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Streaming, Vinyl Sales Drive RIAA Revenue Record

The RIAA is reporting all-time high recorded music revenues for the seventh straight year, fueled by streaming and the vinyl revival.

The RIAA is reporting all-time high recorded music revenues for the seventh straight year
The RIAA is reporting all-time high recorded music revenues for the seventh straight year.

Washington, DC (March 9, 2023)—The RIAA is reporting all-time high recorded music revenues for the seventh straight year, growing 6% at retail to $15.9 billion, fueled by streaming and the ongoing resurgence of vinyl.

According to the RIAA’s 2022 Year-End Music Industry Revenue Report [READ THE REPORT HERE], streaming in all its forms—paid subscriptions, ad-supported services, digital and customized radio, social media platforms, digital fitness apps and others—accounted for the lion’s share of 2022 revenues, growing 7% to a new record high, $13.3 billion. Collectively, these services accounted for 84% of total 2022 revenues, up slightly from 83% in 2021.

Revenues from paid subscription services grew 8% to $10.2 billion, topping $10 billion annually for the first time—a new milestone. Those services accounted for 77% of streaming revenues and nearly two-thirds of total revenues.

Paid subscriptions to on-demand music services continued to grow at double digit rates, reaching a new average high in 2022 of 9 million, a 10% increase. That compares to an average 84 million paid subs in 2021. (These figures count multi-user plans as a single subscription and exclude limited-tier services.)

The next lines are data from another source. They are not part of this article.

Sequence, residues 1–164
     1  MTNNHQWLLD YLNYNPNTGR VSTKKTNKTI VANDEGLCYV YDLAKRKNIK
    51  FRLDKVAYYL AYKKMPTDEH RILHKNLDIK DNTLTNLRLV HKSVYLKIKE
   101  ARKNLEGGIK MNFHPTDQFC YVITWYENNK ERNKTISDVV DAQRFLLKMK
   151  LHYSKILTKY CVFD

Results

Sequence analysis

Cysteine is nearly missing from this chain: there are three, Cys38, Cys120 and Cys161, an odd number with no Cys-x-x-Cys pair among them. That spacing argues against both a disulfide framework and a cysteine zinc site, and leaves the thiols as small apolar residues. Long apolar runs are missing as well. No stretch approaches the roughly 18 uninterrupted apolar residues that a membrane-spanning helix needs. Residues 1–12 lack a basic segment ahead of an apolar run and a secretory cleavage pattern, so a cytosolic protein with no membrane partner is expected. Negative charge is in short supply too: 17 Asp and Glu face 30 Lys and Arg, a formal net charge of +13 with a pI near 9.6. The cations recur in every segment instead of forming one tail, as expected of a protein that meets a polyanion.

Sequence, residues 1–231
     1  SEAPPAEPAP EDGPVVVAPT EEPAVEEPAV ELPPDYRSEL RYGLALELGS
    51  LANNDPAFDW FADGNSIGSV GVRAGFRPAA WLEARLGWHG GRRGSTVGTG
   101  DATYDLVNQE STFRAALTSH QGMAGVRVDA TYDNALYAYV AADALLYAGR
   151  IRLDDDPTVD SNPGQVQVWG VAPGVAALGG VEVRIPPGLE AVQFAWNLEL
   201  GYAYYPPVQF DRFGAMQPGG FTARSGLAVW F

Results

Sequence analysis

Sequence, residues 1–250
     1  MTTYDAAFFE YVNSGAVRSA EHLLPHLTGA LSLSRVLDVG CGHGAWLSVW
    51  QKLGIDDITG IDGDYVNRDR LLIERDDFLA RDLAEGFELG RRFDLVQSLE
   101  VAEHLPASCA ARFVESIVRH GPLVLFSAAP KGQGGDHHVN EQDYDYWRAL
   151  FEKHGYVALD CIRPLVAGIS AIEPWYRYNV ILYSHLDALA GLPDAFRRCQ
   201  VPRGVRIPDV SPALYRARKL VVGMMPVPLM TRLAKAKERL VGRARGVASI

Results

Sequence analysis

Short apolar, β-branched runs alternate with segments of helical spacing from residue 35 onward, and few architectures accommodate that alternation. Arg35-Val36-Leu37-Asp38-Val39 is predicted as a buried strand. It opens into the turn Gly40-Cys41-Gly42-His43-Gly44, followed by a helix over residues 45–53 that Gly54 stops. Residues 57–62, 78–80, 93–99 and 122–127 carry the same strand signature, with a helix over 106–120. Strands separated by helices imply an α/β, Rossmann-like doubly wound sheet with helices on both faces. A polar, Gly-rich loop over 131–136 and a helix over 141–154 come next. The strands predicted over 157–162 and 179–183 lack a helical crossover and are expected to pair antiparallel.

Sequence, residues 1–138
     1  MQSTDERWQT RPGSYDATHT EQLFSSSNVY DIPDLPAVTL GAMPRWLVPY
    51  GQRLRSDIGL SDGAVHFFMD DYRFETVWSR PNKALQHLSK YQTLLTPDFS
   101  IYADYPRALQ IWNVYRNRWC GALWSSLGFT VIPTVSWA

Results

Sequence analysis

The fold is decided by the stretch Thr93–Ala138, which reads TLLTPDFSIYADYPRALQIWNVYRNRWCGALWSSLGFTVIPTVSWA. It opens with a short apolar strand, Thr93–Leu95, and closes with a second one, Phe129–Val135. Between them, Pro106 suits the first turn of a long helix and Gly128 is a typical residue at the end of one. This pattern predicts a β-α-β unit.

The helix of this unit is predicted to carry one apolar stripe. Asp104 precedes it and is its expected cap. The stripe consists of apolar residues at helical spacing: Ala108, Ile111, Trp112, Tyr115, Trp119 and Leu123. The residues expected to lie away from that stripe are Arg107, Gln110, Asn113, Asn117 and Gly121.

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Limited tier subscriptions—services like Amazon Prime, Pandora Plus, music licenses for streaming fitness services and other subscriptions limited by factors such as mobile access, catalog availability, product features or device restrictions—grew 18% to $1.1 billion.

Revenues from physical music formats, which made a resurgence in 2021, continued to grow, and were up 4% to $1.7 billion from the previous year. Remarkably, vinyl sales are on a 16-year streak, growing 17% from 2021 to $1.2 billion and now accounting for 71% of physical format revenues.

Marking another milestone, vinyl albums outsold CD unit sales for the first time since 1987—41 million vs 33 million. CD revenues rebounded in 2021 following the 2020 COVID-19 slump, posting a 21% year-over-year revenue increase, the first since 2004, to $584 million. This past year, however, CD revenues fell 18% to $483 million.

For all the good news, 2022’s 6% growth is the lowest since 2015, which followed the essentially flat revenues of the record industry’s 2014 nadir. This past year is also the only year since the slump that has not seen double-digit growth, other than 2020’s pandemic-induced 9.2% revenue increase.

Meanwhile, digital downloads, which fell 12% in 2021, continue on a downward track, falling 20% to $495 million in 2022. Both digital album sales and individual track sales were down 20% to $242 and $214 million, respectively. Downloads accounted for just 3% of U.S. recorded music revenues in 2022, a far cry from the 2012 peak of 43%.

According to RIAA chairman/CEO Mitch Glazier, “2022 was an impressive year of sustained ‘growth-over-growth’ more than a decade after streaming’s explosion onto the music scene. Continuing that long run, subscription streaming revenues now make up two-thirds of the market with a robust record high $13.3 billion. This long and ongoing arc of success has only been possible thanks to the determined and creative work of record companies fighting to build a healthy streaming economy where artists and rightsholders get paid wherever and whenever their work is used.”